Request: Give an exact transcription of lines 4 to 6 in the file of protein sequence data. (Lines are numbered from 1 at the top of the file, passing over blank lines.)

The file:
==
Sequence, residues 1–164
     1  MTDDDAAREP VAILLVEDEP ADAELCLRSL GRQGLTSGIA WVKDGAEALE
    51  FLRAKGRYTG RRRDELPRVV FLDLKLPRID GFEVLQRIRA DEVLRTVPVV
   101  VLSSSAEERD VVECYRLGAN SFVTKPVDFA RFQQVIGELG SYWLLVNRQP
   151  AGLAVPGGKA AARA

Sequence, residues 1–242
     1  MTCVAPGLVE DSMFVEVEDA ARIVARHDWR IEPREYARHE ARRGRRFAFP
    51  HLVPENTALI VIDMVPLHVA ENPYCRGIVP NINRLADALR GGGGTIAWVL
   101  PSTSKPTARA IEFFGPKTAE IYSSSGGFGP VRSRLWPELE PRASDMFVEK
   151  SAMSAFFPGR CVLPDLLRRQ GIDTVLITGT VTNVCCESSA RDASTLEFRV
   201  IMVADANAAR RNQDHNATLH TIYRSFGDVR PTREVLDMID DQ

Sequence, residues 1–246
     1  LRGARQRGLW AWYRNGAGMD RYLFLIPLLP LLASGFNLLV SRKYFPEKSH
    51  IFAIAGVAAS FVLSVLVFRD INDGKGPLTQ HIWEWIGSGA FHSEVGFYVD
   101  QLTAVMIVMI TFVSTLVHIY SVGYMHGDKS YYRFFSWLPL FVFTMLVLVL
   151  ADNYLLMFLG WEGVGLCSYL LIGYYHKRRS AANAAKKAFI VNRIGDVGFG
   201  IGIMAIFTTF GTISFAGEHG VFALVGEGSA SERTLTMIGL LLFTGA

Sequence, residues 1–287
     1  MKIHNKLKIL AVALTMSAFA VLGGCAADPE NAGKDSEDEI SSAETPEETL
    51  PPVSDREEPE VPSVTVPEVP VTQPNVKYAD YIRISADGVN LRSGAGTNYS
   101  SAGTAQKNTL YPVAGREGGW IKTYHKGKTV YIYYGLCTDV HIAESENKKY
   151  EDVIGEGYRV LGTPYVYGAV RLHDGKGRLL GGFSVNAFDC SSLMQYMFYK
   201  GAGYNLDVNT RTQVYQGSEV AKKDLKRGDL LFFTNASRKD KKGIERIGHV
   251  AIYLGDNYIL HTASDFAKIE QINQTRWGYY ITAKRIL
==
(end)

   101  VLSSSAEERD VVECYRLGAN SFVTKPVDFA RFQQVIGELG SYWLLVNRQP
   151  AGLAVPGGKA AARA

Sequence, residues 1–242